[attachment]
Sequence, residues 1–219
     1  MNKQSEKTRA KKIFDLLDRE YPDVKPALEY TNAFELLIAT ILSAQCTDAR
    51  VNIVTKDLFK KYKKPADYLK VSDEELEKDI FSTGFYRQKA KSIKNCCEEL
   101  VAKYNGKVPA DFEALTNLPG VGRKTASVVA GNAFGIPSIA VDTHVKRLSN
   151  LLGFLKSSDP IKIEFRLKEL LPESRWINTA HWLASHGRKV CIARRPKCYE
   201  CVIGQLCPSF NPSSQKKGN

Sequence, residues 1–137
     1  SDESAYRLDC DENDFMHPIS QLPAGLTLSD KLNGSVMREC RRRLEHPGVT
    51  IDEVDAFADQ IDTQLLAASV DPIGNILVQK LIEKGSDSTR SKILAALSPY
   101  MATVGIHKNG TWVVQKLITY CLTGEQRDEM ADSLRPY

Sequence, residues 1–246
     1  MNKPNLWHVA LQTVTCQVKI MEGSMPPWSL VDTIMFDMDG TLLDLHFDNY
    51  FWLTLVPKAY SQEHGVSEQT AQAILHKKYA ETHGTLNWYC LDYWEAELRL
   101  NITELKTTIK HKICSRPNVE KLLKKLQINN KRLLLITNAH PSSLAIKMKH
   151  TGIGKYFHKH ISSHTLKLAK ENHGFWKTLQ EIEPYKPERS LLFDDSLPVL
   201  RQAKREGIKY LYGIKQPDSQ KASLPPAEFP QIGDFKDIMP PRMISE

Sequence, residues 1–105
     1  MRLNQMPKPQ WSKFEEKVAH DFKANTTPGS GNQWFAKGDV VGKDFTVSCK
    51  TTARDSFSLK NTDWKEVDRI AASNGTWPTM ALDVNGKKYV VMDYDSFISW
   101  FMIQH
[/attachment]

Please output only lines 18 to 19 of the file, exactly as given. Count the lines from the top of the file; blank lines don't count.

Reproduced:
     1  MRLNQMPKPQ WSKFEEKVAH DFKANTTPGS GNQWFAKGDV VGKDFTVSCK
    51  TTARDSFSLK NTDWKEVDRI AASNGTWPTM ALDVNGKKYV VMDYDSFISW